The Following Tips are Offered by:
Ron Crandall of Ron's
Spinning Reel Line Spooler
When you spool line on a spinning reel yourself, (rather than having it spooled on by a line winder), you introduce twists in the line. Twists in the line cause birds nests. In the fishing magazines, books and on the web, there have been many suggestions for the best way to lay the spool, or how to clamp the bulk spool on the rod in order to eliminate the twists.
Here is a very simple way to duplicate what the tackle store does with their $1,000.00 line winder.
You will need two
When you mount your spool to the main shaft, it is just like putting it on the reel, and then it can be rotated by the drill. The line then goes on the spool WITHOUT TWISTS.
Now for the particulars
With this setup you can wind line on the spinning spool just the same as you would with a bait caster. It is important to do some radical crosses every 1/8" or so of line depth. (Radical crosses are one or two turns across the whole spool) This way if your drag is running the line won't bury itself and cause the spool to stop turning. If it does, this means "LOST FISH"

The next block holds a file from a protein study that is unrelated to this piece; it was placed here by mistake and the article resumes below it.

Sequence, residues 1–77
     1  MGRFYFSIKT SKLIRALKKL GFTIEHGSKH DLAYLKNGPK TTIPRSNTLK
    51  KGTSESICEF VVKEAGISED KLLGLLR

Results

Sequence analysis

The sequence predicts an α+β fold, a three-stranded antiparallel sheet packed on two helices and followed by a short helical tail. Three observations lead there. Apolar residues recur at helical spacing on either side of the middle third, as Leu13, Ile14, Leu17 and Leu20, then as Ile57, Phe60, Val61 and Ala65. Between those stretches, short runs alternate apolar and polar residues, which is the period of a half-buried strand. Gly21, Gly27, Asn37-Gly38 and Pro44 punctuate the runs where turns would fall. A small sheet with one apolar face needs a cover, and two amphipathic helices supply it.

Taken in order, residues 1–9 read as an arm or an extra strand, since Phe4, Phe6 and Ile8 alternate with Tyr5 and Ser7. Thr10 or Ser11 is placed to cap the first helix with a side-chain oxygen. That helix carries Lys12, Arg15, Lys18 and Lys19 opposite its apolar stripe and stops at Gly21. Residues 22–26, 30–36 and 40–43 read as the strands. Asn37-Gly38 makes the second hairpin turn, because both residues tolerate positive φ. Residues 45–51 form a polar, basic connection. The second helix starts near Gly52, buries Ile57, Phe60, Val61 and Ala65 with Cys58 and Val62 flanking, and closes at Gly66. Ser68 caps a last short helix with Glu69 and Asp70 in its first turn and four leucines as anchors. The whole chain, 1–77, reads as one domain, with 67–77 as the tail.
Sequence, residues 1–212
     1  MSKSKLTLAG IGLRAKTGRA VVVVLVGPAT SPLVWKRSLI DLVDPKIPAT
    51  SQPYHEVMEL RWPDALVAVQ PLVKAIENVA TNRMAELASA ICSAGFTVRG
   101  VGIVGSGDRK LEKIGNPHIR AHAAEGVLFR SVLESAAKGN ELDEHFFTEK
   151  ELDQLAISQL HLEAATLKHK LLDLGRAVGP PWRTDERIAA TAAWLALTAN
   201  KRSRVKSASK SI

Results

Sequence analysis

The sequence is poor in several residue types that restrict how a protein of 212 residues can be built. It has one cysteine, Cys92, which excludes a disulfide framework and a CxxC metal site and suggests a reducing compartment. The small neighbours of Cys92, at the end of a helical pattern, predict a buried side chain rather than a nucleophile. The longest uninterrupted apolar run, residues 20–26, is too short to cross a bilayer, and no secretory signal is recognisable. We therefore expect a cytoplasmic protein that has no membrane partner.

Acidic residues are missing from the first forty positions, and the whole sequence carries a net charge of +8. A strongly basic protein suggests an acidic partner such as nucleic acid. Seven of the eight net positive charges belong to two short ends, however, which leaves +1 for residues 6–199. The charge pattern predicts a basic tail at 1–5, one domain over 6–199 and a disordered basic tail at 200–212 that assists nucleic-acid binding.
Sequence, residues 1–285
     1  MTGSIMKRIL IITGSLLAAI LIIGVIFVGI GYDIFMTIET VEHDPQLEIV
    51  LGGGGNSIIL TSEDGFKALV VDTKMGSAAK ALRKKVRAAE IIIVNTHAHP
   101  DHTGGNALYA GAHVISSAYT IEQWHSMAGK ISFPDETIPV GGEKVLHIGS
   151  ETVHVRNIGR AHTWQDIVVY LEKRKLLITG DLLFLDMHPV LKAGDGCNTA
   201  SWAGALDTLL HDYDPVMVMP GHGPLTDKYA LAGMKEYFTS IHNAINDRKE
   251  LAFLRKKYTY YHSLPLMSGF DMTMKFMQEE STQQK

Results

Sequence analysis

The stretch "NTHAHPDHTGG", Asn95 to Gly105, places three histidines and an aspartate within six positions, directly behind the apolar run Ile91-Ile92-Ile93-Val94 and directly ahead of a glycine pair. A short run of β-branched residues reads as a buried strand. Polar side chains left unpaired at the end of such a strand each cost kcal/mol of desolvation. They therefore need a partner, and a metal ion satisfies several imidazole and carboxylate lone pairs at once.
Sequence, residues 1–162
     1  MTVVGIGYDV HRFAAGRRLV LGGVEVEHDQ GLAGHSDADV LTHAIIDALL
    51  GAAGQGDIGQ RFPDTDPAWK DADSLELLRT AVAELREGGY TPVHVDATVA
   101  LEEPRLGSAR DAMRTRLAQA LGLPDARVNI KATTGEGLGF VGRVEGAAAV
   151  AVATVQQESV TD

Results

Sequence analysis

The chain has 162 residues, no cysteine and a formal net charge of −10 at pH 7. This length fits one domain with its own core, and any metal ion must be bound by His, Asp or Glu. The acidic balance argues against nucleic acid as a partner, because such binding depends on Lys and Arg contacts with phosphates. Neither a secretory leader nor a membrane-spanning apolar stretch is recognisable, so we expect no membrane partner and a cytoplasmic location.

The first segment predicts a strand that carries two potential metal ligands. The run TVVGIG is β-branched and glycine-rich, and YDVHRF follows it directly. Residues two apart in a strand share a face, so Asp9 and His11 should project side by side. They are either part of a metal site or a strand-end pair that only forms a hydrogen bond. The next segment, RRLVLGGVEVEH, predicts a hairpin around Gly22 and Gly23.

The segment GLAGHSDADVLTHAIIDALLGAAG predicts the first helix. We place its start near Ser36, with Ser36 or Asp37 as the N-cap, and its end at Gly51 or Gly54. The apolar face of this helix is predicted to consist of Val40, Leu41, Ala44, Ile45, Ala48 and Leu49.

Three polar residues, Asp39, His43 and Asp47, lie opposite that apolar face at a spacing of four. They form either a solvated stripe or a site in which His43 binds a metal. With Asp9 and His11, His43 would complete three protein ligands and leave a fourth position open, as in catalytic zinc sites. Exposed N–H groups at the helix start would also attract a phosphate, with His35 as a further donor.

Lastly, when you are ready to respool pull off 150 yards of line and look at your spool to see about how much is left. What's left can be replaced with a backing material (old 20# to 50# dacron line works great), rather than with monofilament, because under most conditions if you have a fish out more than a hundred yards you've lost it anyway.
By the way, the drill can also be used to remove line from your spool. Simply put a dowel in the drill, attach your line and press start. Slow down and stop before you reach the knot on your spool or the drill will take line, spool, reel and all. Remember to properly recycle used line at your Berkley Line Recycler.
Check the archives for determining the correct line weight for your rod/reel combination.